After the floods in Iran, providing health care to the vulnerable populations in Lorestan
MSF provides free healthcare to excluded and marginalised people in south Tehran, including drug users, sex workers, street children, the Ghorbat ethnic minority and Afghan refugees in eastern Iran.

In Darvazeh Ghar district, we run a clinic offering a comprehensive package of medical services designed for high-risk patients who suffer from stigma and/or need help to follow their treatment.

Services include counselling and support from peer workers, psychosocial aid, medical and mental health consultations, ante- and postnatal care, family planning and treatment for sexually transmitted infections. Patients can also be tested for communicable diseases such as HIV, tuberculosis and hepatitis C

We also operate a referral system, and run mobile clinics in partnership with a local organisation called Society for Recovery Support.  

In Mashhad, in the eastern part of the country, we provide primary healthcare and mental health services to Afghan refugees who fled the decades-long conflict in their homeland and are largely excluded from access to medical care. 

Our activities in 2020 in Iran

Data and information from the International Activity Report 2020

MSF in Iran in 2020 Since 2012, MSF has been providing medical services to vulnerable groups in Iran, including drug users, Afghan refugees and homeless people, who are often excluded from healthcare.
Iran Activities 2020

Iran officially hosts 950,000 Afghan and 28,000 Iraqi refugees. In addition to the refugees, there are around 2.5 million Afghans residing in Iran, inclusive of passport holders and undocumented Afghans.* For them and other marginalised groups, such as homeless people, the Ghorbati ethnic community, and drug users (whose official number is estimated at 2.8 million – 3.5 per cent of the population), obtaining medical assistance is a struggle, despite the government’s pledge to implement universal health coverage.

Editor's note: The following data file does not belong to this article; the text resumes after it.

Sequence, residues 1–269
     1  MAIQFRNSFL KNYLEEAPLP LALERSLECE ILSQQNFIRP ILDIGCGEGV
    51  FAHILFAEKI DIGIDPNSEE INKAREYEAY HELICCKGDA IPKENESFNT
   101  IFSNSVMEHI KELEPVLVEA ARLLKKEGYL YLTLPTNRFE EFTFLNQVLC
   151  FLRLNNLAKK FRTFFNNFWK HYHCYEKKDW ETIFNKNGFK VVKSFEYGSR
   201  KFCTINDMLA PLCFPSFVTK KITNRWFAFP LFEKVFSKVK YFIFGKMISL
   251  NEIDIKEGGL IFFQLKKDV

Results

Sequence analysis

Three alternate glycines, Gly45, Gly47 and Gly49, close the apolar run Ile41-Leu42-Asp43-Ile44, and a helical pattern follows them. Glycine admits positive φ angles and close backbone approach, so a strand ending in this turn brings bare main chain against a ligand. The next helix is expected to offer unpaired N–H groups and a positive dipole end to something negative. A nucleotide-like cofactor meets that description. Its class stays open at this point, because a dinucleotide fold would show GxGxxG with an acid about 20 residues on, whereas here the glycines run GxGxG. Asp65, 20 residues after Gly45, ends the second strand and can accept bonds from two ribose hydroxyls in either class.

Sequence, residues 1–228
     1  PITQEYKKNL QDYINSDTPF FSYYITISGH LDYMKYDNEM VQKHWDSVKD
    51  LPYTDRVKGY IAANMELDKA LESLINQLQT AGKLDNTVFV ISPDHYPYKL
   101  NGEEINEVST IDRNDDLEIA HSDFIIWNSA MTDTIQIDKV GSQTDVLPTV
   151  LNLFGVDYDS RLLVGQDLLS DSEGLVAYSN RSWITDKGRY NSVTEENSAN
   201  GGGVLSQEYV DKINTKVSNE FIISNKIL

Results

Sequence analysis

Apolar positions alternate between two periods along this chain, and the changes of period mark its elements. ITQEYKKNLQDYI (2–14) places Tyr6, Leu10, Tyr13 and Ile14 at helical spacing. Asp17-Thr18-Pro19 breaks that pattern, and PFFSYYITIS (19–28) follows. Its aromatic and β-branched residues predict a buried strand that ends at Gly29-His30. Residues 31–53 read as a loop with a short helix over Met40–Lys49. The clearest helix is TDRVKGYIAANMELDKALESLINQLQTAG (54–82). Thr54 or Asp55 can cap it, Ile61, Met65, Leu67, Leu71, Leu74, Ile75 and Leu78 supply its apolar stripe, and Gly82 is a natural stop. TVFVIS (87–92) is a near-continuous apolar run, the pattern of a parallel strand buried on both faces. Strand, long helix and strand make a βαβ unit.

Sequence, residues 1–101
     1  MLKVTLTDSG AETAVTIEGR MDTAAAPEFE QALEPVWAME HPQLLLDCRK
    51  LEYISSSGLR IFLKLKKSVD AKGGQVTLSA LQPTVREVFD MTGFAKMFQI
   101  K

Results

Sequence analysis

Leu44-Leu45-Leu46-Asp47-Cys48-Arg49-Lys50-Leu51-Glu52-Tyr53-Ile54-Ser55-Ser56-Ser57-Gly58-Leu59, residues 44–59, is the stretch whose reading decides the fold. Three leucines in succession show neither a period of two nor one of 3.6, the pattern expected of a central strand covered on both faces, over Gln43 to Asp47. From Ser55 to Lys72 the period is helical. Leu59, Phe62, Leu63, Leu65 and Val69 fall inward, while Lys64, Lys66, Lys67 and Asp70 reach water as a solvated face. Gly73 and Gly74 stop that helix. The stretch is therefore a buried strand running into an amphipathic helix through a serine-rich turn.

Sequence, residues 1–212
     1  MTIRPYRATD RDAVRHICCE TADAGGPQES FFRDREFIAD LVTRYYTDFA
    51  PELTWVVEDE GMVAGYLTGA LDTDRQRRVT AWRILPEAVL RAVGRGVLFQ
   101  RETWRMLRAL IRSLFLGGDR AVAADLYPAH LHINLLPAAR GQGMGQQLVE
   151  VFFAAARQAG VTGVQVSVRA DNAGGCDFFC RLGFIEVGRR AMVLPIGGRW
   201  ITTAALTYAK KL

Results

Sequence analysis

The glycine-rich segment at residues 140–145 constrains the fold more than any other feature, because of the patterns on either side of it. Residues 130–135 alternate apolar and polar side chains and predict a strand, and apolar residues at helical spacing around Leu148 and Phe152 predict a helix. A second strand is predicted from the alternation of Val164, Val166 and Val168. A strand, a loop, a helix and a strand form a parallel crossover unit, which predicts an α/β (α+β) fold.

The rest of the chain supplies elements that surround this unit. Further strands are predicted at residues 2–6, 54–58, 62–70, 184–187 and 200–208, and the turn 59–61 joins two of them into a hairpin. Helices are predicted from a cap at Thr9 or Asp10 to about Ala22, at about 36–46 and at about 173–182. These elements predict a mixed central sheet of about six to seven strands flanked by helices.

In 2020, MSF continued to offer comprehensive care to these vulnerable groups at high risk of infectious diseases in South Tehran, via a health facility and a mobile clinic. Services include medical consultations, testing for communicable diseases (HIV, tuberculosis, hepatitis B), treatment for sexually transmitted infections such as syphilis, specialist referrals, ante- and postnatal care, and family planning. We also offer testing and treatment for hepatitis C, the most common infection among drug users in Iran, and mental health support.   

In Mashhad, Iran’s second largest city, our mobile clinics deliver similar services for refugees, host communities and residents of a women’s shelter. We also work in a fixed clinic in Golshahr district, where 80 per cent of Afghans in Mashhad live. In 2020, we extended these activities to 11 camps for drug users in remission.

Iran was heavily affected by the COVID-19 pandemic in 2020. During the initial peak, we started preparations to set up a 50-bed field treatment unit in Isfahan to support a local hospital. Shortly after the arrival of the equipment and the team, approval for the set up of the unit was revoked. As it was not possible to set it up elsewhere in the country, the equipment was exported to our project in Herat, Afghanistan. 


*UN refugee agency, UNHCR 


In 2020
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